The Net Worth Trap: Investment and Output Dynamics in the Presence of Financing Constraints

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Isohätälä, Jukka  ORCID logo
Robertson, Donald 

This paper investigates investment and output dynamics in a simple continuous time setting, showing that financing constraints substantially alter the relationship between net worth and the decisions of an optimizing firm. In the absence of financing constraints, net worth is irrelevant (the 1958 Modigliani−Miller irrelevance proposition applies). When incorporating financing constraints, a decline in net worth leads to the firm reducing investment and also output (when this reduces risk exposure). This negative relationship between net worth and investment has already been examined in the literature. The contribution here is providing new intuitive insights: (i) showing how large and long lasting the resulting non-linearity of firm behaviour can be, even with linear production and preferences; and (ii) highlighting the economic mechanisms involved—the emergence of shadow prices creating both corporate prudential saving and induced risk aversion. The emergence of such pronounced non-linearity, even with linear production and preference functions, suggests that financing constraints can have a major impact on investment and output; and this should be allowed for in empirical modelling of economic and financial crises (for example, the great depression of the 1930s, the global financial crisis of 2007−2008 and the crash following the Covid-19 pandemic of 2020).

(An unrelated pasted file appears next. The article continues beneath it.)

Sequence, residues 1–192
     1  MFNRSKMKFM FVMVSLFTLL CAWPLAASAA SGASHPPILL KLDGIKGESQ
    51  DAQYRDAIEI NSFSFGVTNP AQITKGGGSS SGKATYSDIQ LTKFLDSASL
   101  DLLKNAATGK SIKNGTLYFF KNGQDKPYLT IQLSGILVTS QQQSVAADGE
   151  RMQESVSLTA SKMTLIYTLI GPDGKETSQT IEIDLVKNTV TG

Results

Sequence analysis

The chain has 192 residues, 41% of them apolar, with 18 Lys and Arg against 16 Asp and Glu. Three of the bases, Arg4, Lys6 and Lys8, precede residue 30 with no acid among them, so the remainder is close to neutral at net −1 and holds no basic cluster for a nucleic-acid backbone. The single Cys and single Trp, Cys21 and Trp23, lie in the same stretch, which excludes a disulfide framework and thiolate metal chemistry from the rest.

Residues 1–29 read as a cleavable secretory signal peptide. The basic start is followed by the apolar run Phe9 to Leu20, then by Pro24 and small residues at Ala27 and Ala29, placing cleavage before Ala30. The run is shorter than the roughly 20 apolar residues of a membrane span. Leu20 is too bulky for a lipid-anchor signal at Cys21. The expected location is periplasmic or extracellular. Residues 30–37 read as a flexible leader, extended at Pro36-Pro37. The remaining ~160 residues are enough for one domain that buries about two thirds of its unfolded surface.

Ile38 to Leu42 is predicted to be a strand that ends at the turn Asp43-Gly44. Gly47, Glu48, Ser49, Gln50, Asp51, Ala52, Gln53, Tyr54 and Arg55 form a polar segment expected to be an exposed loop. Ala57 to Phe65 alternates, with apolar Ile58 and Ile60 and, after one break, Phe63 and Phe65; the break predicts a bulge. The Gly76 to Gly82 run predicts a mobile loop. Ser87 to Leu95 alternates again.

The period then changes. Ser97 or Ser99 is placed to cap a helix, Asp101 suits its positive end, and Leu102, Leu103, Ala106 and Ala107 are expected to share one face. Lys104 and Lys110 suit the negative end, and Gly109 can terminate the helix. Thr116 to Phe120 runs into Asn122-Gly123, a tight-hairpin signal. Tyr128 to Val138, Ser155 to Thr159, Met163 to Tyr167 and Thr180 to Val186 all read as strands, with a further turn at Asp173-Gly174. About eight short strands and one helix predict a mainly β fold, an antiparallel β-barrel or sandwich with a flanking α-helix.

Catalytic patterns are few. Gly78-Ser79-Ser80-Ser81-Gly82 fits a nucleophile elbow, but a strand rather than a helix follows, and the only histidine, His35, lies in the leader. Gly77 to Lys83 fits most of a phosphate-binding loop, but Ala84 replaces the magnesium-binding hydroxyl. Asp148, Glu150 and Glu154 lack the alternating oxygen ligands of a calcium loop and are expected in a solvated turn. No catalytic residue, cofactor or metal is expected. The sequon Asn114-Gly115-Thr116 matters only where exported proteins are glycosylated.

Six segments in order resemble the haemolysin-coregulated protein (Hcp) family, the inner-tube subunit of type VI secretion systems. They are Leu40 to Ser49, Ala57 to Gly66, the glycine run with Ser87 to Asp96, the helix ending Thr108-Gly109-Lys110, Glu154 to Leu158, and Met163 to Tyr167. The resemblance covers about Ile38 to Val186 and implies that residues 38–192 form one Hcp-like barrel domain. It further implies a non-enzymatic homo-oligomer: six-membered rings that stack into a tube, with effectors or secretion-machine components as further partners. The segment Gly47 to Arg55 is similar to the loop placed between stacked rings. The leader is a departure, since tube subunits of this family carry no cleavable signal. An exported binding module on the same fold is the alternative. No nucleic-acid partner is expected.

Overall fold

cash flow management, corporate prudential risk, the financial accelerator, financial distress, induced risk aversion, liquidity constraints, liquidity risk, macroeconomic propagation, multiperiod financial management, non-linear macroeconomic modelling, Tobin’s q, precautionary savings
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